LIVE: Music Picks Sept. 8-14 

Andy Frasco, Pierce the Veil, and Black Sabbath

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THURSDAY 9.8
Andy Frasco & the U.N.

Last January, Andy Frasco & the U.N. performed at the State Room in Salt Lake City, O.P. Rockwell in Park City, and at Snowbasin's Blues, Brews & BBQ series up in Huntsville. He reprised the latter performance at Snowbasin in July, and he's already comin' back to SLC. I wonder why? Well, for some reason, we Utahns love us some music that appeals to the heart and the head—and makes us think as well as laugh (see The Uninvited and their crazy Zephyr Club gigs from back in the day). Frasco is one such songsmith—a thinking pothead who seeks to inspire (see his "Afromanifesto" blog on AndyFrasco.com) while engaging in such antics as smokin' a joint during yoga class. If anyone knows the secret to bliss, it's this guy, who aims to make us all, as the title of his album suggests, Happy Bastards—just like him. (Randy Harward) The Fallout, 625 S. 600 West, 9 p.m., $17-$20, TheFalloutSLC.com

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FRIDAY 9.9
Volbeat, Killswitch Engage, Black Wizard

Danish band Volbeat was one of those "Where have you been all my life?" discoveries. It happened during a round of disc golf, courtesy of a friend. At first, it sounded like his jambox pumped out nu-metal dreck—this super-aggro, double Y-chromosome, meathead rock. But there were moments when I thought I detected John Bush-era Anthrax, rockabilly, psychobilly, spaghetti westerns, Scandinavian sleaze (with faint flickers of glam) and other sounds that didn't fit that initial snap judgement. All that stuff is there on the band's six albums, including the newest, Seal the Deal & Let's Boogie (Vertigo/Republic/Universal, 2016)—the first to feature Anthrax guitarist Rob Caggiano, who joined the band in 2013 (go figure). Trust me: Volbeat is the goodness—loud, eclectic and tons of fun. With metalcore quintet Killswitch Engage and stoner-doom outfit Black Wizard filling out the bill, this one's gonna require earplugs. (RH) The Complex, 536 W. 100 South, 6 p.m., $46.50 in advance, $51.50 day of show, TheComplexSLC.com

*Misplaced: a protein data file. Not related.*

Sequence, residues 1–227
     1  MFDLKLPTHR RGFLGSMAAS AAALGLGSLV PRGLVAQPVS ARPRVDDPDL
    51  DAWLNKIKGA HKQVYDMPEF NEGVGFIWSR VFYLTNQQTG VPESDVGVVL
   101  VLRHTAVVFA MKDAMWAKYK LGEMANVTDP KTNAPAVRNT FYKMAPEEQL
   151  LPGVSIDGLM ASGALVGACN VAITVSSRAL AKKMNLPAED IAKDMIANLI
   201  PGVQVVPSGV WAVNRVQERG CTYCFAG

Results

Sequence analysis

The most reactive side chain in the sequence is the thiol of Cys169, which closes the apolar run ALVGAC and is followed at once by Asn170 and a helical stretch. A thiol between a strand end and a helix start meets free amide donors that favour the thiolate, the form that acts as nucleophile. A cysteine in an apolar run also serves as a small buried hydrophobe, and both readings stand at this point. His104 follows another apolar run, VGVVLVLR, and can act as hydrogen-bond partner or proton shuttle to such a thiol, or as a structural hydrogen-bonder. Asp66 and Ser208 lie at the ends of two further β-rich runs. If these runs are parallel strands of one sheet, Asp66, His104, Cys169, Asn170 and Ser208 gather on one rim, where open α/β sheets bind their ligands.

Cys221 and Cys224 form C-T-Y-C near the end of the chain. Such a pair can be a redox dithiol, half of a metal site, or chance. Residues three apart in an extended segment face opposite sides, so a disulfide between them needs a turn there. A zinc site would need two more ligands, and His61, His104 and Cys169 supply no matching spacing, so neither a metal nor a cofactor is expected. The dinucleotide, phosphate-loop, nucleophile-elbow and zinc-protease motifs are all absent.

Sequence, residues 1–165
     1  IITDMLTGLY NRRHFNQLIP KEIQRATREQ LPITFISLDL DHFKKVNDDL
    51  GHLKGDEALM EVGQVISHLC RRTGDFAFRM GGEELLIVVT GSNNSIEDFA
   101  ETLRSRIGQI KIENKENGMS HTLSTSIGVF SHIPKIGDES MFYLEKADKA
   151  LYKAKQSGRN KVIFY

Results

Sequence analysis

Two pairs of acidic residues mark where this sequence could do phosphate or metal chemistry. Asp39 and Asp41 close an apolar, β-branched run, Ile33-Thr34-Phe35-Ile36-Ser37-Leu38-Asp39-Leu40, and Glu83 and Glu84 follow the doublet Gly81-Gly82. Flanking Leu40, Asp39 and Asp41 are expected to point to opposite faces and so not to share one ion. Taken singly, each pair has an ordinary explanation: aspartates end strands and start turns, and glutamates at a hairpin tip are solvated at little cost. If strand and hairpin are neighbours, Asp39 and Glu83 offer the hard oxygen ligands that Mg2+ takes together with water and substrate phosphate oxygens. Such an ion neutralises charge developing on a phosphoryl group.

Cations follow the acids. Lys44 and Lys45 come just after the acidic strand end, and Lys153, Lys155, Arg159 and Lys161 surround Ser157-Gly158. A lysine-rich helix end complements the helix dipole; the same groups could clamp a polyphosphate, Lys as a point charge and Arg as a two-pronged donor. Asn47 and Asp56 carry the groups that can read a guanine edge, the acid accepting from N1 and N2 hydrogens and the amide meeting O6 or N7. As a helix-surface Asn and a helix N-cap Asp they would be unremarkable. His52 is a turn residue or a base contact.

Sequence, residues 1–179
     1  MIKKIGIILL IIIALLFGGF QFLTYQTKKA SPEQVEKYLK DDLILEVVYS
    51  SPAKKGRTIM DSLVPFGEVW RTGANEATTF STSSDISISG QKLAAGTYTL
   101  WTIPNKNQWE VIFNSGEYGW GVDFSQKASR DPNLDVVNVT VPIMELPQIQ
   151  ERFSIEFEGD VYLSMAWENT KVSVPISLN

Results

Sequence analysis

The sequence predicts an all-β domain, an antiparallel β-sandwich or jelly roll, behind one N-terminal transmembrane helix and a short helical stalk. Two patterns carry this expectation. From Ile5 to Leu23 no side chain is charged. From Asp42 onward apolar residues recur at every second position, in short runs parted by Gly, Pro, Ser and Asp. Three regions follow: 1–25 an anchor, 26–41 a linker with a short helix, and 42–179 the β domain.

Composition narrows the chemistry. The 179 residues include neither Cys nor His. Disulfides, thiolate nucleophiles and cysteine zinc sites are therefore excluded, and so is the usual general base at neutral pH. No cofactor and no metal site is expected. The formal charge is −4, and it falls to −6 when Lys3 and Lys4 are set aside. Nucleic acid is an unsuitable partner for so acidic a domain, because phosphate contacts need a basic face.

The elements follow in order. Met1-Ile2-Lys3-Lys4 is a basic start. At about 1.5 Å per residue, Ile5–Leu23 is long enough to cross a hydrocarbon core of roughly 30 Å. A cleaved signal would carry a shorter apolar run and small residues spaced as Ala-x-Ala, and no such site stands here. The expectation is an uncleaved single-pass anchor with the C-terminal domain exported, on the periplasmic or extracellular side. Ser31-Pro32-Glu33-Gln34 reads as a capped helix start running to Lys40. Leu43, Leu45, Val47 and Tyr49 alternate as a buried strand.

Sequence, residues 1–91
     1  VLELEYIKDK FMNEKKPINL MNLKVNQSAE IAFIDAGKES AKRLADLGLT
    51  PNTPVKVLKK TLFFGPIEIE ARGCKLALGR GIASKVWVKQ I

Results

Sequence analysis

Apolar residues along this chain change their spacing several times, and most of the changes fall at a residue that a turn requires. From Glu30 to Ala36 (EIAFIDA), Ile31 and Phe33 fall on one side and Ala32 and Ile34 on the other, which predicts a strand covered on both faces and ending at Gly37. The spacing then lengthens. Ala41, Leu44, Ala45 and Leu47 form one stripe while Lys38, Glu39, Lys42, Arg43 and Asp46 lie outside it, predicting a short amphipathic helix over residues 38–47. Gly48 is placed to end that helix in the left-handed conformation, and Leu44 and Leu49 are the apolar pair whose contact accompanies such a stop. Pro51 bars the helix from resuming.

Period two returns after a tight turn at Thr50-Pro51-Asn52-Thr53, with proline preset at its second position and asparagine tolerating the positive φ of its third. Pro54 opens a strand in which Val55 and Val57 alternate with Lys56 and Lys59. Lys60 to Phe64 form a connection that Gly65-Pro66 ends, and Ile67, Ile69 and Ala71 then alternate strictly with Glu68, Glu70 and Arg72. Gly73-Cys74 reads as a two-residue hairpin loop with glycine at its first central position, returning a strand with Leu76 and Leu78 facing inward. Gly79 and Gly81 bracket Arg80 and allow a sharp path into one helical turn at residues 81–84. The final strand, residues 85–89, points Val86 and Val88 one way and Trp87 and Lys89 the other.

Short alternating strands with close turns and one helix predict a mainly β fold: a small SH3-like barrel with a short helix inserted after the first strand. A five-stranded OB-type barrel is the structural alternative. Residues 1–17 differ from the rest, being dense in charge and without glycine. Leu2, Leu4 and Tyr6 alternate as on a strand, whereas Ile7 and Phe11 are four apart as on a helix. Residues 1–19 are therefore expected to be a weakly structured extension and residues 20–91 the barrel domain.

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FRIDAY 9.9
Pierce the Veil

It's been 10 years since San Diego screamo-prog quartet Pierce the Veil rose from the ashes of Before Today like an angsty phoenix. Their four albums have proved that they're one of the more worthwhile bands in the genre. They also have a great work ethic: Instead of relaxing after a grueling tour, frontman Vic Fuentes channeled the band's frenetic travels into songwriting. Thrumming with their signature musical restlessness, Misadventures (Fearless) is a screaming, churning warhead of overstimulated wanderlust that tackles everything from the Bataclan attack to internet trolls. The show will also feature Welsh pop-punks Neck Deep and Detroit-based metalcore band I Prevail. (Alex Springer) In the Venue, 579 W. 200 South, 6:30 p.m., $27.50 in advance, $32 day of show, InTheVenueSLC.com

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SATURDAY 9.10
Foam Wonderland: Force of Nature 2016 feat. Borgeous, Brillz, Boombox Cartel

For those who feel like taking a long shower after spending all night writhing around in the sweat and flesh of a packed dance floor, a Foam Wonderland show has you covered. The show uses gigantic pipes to douse the audience in a torrent of soap suds, making everyone in attendance feel like they're sharing the same bubble bath. While the promise of getting blasted with foamy bubbles is a good excuse to go anywhere, Foam Wonderland will also feature some of the country's finest DJs, including Borgeous, Brillz and Boombox Cartel. There's nothing quite like getting all slippery while grinding up in some stranger's business. (AS) The Complex, 536 W. 100 South, 7 p.m., $25-$30 in advance, $35 day of show, 18+, TheComplexSLC.com

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SUNDAY 9.11